They were ransacked by the Visigoths and looted by popes for the building of their basilicas, but the original splendour of the Roman Empire’s largest baths complex has been revealed once more thanks to virtual reality technology.
As of today, visitors to Rome will be able to use sophisticated virtual reality goggles to unlock the secrets of the monumental Baths of Caracalla, which were constructed in the heart of the capital in the early third century AD.
Peer through the goggles and the towering brick remains of the baths are transformed into vaulted chambers decorated with coloured mosaic floors, soaring marble columns and statues of muscular gods and nubile nymphs.
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As you wander around the site, the 3D image changes constantly, revealing twin statues of Hercules, giant marble baths and shimmering swimming pools.
The goggles, which come with the seven euro entrance fee, reveal the richly-decorated interiors of atriums and chambers where naked Romans once took part in wrestling, boxing and running races, before rinsing themselves off in the cold water of the “frigidarium” and relaxing in the hot water of the “caldarium”.
It was not all sweaty grappling and strenuous weight-lifting; there were two vast libraries, one stocked with Greek texts, the other with Latin.
The virtual reality images are accompanied by an audio commentary which sheds light on the fascinating minutiae of the day-to-day life of the baths.
Although there were lockers in which to leave clothes and valuables, just like a modern gym, rich Romans were afraid of having their belongings stolen and so brought along slaves to guard them.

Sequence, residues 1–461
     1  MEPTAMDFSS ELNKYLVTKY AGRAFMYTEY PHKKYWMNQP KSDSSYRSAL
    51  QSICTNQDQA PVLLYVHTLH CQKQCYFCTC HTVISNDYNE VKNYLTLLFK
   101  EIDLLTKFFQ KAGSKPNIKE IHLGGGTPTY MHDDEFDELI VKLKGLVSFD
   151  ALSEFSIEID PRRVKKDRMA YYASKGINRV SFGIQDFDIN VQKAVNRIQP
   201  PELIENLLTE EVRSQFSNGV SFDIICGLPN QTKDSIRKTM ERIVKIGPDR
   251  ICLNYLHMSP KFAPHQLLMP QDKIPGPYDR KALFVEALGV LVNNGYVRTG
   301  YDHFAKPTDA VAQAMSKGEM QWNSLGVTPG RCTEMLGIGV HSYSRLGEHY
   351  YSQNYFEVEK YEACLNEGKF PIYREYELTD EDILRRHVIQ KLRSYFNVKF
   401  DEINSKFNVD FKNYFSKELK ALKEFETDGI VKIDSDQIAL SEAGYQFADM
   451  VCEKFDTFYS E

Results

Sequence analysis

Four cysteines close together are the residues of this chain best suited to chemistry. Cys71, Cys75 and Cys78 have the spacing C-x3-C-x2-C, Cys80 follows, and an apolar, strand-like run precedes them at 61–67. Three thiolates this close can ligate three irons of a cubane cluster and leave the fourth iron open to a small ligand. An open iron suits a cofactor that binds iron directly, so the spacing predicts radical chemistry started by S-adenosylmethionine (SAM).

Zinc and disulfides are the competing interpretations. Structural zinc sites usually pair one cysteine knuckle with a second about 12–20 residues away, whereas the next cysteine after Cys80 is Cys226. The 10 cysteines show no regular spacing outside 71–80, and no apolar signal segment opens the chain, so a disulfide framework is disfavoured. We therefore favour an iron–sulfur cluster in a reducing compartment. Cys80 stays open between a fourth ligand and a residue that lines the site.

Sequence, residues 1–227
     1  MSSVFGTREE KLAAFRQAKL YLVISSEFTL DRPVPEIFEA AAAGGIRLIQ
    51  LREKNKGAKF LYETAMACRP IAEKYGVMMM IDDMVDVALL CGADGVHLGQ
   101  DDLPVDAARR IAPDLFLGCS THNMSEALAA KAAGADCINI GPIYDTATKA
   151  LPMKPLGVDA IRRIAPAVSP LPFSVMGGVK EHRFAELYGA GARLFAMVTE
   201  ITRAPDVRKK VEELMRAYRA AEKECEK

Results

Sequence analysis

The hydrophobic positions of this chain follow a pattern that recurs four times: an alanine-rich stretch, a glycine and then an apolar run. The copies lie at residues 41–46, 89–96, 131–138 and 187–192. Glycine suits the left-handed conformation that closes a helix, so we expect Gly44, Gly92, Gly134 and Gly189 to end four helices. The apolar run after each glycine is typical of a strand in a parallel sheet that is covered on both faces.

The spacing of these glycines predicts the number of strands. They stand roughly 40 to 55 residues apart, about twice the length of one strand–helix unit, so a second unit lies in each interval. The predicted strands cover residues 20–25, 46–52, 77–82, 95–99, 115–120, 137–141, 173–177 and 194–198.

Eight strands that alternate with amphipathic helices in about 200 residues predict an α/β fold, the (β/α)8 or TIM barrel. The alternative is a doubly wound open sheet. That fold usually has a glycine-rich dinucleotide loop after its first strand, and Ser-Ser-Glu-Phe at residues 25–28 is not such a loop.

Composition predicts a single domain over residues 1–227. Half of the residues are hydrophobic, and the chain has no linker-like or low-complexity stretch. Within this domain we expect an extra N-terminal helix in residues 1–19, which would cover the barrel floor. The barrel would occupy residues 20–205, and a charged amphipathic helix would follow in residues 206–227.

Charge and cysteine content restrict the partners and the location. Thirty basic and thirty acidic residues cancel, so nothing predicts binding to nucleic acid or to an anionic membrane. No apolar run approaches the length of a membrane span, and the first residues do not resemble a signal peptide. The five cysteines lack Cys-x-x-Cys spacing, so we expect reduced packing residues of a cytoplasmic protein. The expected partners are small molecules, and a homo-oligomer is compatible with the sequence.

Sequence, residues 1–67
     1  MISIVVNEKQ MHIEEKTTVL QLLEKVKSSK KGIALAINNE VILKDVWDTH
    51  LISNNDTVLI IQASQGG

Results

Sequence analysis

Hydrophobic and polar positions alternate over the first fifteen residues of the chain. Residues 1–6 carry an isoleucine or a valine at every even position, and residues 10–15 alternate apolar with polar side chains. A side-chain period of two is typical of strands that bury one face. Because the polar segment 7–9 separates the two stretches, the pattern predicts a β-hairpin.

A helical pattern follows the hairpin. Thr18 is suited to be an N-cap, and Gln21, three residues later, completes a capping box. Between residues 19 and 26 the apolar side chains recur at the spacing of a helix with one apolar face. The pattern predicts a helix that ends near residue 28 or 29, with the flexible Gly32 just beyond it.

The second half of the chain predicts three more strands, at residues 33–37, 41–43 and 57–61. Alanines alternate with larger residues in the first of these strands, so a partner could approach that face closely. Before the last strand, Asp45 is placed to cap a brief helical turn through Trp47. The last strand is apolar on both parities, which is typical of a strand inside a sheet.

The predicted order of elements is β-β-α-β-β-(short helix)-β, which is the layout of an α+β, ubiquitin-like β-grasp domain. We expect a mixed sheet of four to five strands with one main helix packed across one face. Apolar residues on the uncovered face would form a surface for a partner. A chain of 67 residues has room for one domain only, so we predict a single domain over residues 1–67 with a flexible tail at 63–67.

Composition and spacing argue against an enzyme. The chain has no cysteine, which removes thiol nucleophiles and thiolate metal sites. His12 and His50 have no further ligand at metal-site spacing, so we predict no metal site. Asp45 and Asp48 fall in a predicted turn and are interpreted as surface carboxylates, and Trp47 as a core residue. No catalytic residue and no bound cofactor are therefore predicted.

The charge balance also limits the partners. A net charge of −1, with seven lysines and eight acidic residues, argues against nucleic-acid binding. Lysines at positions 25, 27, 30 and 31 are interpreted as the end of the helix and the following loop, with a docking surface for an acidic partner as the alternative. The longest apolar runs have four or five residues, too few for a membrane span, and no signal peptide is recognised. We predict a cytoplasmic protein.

Marble slabs which once lined an enormous swimming pool are indented with small hollows, which formed the basis for a popular game in which players had to flick marbles or bone knuckles from one hole to another.
“The game was known as “tropa” in Latin and it was a bit like mini-golf, only with bones or glass balls,” said Marina Piranomonte, the director of the site.
The digital recreation of the bathing complex, down to fine details such as niches for statues and elaborate mosaics, is based on 30 years of scholarship.
“We went back and forth with the archaeologists to make sure we could recreate it exactly as it was,” said Giovanna Barni, the head of Coop Culture, the company that developed the software and goggles.
“This is the first archaeological site in Italy, and possibly the world, to be brought alive with this kind of virtual reality technology. We hope it enriches people’s visits.”
When they were built, the baths were the biggest in the Roman Empire, although they were superseded about a century later by the Baths of Diocletian, also in Rome, which were constructed at the beginning of the fourth century AD.
Beneath the complex were miles of tunnels, where slaves scurried about, treading giant wheels that pumped water up to the swimming pools and tending the heating system.
The baths were eventually abandoned in the sixth century, when the invading Visigoths sacked Rome and destroyed its aqueducts, cutting off the city’s water supply.
In the Middle Ages they were used as a quarry by popes, who looted the finest columns and statuary for the construction of new churches and cathedrals.
The digital recreation of the bath’s sumptuous interior is based on statues and mosaics that still exist, albeit no longer in situ.
When the site was excavated on the orders of Pope Paul III in the 16th century, decorations were rediscovered but then carted off to collections in the Vatican, Naples and beyond.
Towering granite columns were used in the building of a medieval church in Rome, the Basilica of Santa Maria in Trastevere.
“Through virtual reconstruction, we can return them to their original locations,” said Francesco Prosperetti, the director of Rome’s cultural heritage department. “It’s a journey back in time.”